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26 June, 2013
Renaissance
Painters are often tempted to see art history from a painter's perspective with all other arts somehow having secondary status. And, there are times in the history of art, such as the Impressionist era, when painting was making such great strides that it more than lived up to this ideal as first among equals in the arts. But at other times the development of the painted illusion trailed that of areas of art. The birth of the Renaissance was one of those times. It isn't often that such an important era in art has such a clear and concise genesis. The year was 1401, the start of a new century that would come to be known by art historians as the quatrocento. And the catalyst for this milestone century in art history was a competition, not amongst painters but amongst sculptors.

The competition was for the design and casting of the great bronze doors to the Baptistery of Florence. The competing artists were given a scene from the Old Testament to translate into a high-relief bronze sculpture. The scene was the sacrifice of Isaac by his father, Abraham replete with an angel, a donkey, and a couple of supporting characters. The format was the quatrefoil, which is basically a diamond shape with semicircles on each of the four sides. There were dozens of entries in this highly prestigious contest, the winner of which would undoubtedly become the most important Florentine artist of his time. Only two entries have survived (undoubtedly the best of the lot), one by Filippo Brunelleschi and the other by Lorenzo Ghiberti.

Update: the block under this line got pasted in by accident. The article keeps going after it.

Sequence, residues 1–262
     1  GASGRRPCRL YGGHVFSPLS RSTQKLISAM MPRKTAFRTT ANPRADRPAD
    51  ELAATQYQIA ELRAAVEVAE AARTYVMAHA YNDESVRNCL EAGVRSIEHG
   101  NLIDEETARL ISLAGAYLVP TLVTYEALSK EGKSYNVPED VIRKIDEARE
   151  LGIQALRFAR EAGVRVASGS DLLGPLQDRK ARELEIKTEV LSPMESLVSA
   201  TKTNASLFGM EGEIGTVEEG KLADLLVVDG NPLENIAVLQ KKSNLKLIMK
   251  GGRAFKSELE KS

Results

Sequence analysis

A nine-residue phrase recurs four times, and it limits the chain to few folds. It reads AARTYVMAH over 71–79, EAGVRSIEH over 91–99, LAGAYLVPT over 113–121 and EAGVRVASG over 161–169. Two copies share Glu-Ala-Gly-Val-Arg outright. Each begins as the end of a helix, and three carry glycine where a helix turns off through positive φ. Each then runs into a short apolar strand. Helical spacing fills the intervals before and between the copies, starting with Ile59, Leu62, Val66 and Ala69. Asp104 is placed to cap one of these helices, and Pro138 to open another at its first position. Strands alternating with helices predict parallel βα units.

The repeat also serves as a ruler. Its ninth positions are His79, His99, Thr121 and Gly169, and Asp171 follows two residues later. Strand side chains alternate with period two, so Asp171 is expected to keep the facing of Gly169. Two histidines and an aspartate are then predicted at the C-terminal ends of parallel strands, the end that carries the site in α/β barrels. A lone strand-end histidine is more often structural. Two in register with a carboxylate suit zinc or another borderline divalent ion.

Brunelleschi's design features Isaac in the centre, kneeling upon an altar, his neck and body distorted by his father's lunging grasp while above, the angel struggles to restrain him. A violent energy pervades the composition in spite of the rather static division of the upper space into two quadrants by the interaction of the two main figures, while the broadside view of the donkey in the lower half of the work forms a solid, stable base. Ghiberti's design, in contrast, has a nude, classically muscular Isaac, with both knees on the altar, struggling against the forward movement of his father. Both figures are placed to the right-hand side of the composition while a ridge of rocks divides the space diagonally. The donkey and other characters are subordinated to the lower left. Both designs had their strengths and weaknesses. Brunelleschi's depiction evoked a dramatic degree of anxiety appropriate to the scene, but it also tended to place equal visual emphasis on each and every figure, while Ghiberti's design, in placing Abraham near the centre of the composition and the peripheral characters off to one corner, made a much more dynamic, if somewhat less intense, presentation. Ghiberti's design was declared the winner while Brunelleschi chose to abandon sculpture in favour of architecture. He went on to design and build the famous dome of the Cathedral of Florence. Ghiberti was left with a commission for two bronze doors and bragging rights. "To me was conceded the palm of victory... To all it seemed that I had...surpassed the others without exception..." And the Renaissance was off and running.

Contributed by Lane, Jim
1 September 1998

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